On October 19th a report relating to a statement put out by the US envoy Jason Greenblatt appeared on the BBC News website’s Middle East page under the title “Hamas must disarm to join Palestinian unity government – US“.

Mr Greenblatt’s statement read as follows:

“All parties agree that it is essential that the Palestinian Authority be able to assume full, genuine, and unhindered civil and security responsibilities in Gaza and that we work together to improve the humanitarian situation for Palestinians living there.  The United States reiterates the importance of adherence to the Quartet principles: any Palestinian government must unambiguously and explicitly commit to nonviolence, recognize the State of Israel, accept previous agreements and obligations between the parties – including to disarm terrorists – and commit to peaceful negotiations. If Hamas is to play any role in a Palestinian government, it must accept these basic requirements.”

The BBC’s reporting of that statement erased its reference to the Quartet principles – thereby (once again) steering readers to the inaccurate view that the conditions described are solely the view of the US and excluding the existing agreements between Israel and the PLO from its framing of the story. Superfluous use of scare quotes around the word terrorists was also evident.

“The United States says the militant Islamist movement Hamas must lay down its weapons if it is to play a part in a new Palestinian government. […]

US special envoy Jason Greenblatt said any Palestinian unity administration would need to recognise the State of Israel and disarm “terrorists”. […]

In a statement issued on Thursday, Mr Greenblatt said it was essential that the PA was able to “assume full, genuine, and unhindered civil and security responsibilities in Gaza” and that the humanitarian situation there was improved.

He also stressed that “any Palestinian government must unambiguously and explicitly commit to non-violence, recognise the State of Israel, accept previous agreements and obligations between the parties – including to disarm terrorists – and commit to peaceful negotiations”.”

Later on in the article readers were told of the Israeli view and once again unnecessary punctuation around the words terror and terrorism (that was not present in the original document paraphrased by the BBC) was added by the BBC.

“…Benjamin Netanyahu […] insisted he would “not conduct diplomatic negotiations with a Palestinian government that relies on Hamas” unless the following conditions were met:

  • Hamas recognises Israel, “desists from terrorism” and disarms
  • The bodies of Israeli soldiers and civilians held by Hamas are returned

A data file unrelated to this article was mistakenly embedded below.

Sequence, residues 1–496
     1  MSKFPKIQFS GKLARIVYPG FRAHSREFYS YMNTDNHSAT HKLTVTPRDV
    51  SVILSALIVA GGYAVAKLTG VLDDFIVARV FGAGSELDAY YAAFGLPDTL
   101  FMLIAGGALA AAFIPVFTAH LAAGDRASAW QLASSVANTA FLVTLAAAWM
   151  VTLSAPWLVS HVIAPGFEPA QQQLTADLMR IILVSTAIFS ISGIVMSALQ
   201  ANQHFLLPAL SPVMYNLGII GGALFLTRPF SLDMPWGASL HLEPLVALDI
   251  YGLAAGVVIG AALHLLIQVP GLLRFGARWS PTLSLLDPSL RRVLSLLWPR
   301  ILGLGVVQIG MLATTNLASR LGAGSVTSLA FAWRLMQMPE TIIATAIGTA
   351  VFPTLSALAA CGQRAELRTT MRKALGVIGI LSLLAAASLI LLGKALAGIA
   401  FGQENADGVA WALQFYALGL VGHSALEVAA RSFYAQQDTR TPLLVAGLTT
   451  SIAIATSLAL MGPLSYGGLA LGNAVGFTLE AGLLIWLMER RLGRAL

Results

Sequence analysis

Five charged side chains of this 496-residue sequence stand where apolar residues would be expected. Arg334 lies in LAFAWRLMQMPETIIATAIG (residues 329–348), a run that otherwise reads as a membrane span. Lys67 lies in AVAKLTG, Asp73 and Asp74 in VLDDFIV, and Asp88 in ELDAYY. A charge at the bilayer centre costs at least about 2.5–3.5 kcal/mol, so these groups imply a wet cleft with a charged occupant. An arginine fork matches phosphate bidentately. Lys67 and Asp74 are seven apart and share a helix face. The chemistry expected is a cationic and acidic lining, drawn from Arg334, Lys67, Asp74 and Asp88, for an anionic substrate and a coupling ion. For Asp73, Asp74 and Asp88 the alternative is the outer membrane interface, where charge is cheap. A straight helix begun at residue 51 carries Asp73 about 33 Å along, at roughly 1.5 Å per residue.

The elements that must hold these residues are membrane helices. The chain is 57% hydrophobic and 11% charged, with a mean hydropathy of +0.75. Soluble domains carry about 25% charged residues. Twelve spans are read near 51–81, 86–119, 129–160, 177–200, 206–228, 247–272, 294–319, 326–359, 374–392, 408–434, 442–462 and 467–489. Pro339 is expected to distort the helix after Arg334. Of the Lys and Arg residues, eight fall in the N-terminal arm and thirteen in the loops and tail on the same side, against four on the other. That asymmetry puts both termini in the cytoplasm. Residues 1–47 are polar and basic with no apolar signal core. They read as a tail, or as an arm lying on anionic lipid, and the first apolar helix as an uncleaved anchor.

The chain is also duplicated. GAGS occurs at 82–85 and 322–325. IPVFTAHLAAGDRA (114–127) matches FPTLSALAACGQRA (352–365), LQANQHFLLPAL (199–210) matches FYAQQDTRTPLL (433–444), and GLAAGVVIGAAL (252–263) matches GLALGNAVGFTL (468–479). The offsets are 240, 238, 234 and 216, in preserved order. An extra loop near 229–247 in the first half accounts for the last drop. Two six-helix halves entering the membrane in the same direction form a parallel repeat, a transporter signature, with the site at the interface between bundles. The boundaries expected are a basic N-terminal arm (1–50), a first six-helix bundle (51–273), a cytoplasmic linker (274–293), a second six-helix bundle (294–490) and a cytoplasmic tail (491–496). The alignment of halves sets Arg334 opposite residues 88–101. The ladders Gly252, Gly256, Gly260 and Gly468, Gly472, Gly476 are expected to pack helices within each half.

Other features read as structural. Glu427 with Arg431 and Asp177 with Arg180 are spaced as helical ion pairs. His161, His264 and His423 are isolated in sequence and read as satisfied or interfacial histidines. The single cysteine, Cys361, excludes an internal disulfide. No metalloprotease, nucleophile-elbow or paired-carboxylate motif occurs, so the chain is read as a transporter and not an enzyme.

• The PA exercises full security control in Gaza
  • The PA continues to act against Hamas “terror infrastructure” in the West Bank
  • Hamas severs its ties with Iran
  • Funds and humanitarian equipment continues to flow into Gaza only via the PA”

While the BBC’s report included paraphrased quotes from a Hamas official taken from an AFP article on the same topic, the corporation did not update its report to include comments made by Hamas leader Yahya Sinwar later on the same day, as reported by Ha’aretz.

“Hamas will not disarm, recognize Israel or cut off ties with Iran, as Israel and the United States are demanding of it, Yahya Sinwar, the organization’s leader in the Gaza Strip, said on Thursday. […]

Meeting with Palestinian youths, Sinwar declared, “The discussion is no longer about recognizing Israel but about wiping Israel out.”

He said Hamas would disarm “when Satan enters paradise,” and that no one can force it to disarm. “There’s not one minute of the day or night when we aren’t building up our military might.” […]

At Thursday’s meeting, Sinwar discussed the demand that Hamas cool its relationship with Iran. He stressed that Hamas is not willing to sever its ties with Iran. “Anyone who thinks we’ll sever ties with Tehran is delusional,” he said. “Our relationship with Iran or Egypt or any Arab or Muslim state provides us with strategic depth.””

If BBC audiences are to understand this issue fully, they obviously need to be informed that the statements concerning a Palestinian unity government put out by the United States and Israel are in line with the Quartet Principles. The BBC’s policy of placing the word terror and its derivatives in scare quotes and its failure to inform audiences of the extremist response from Hamas’ leader in the Gaza Strip also clearly hinders audience understanding of the story.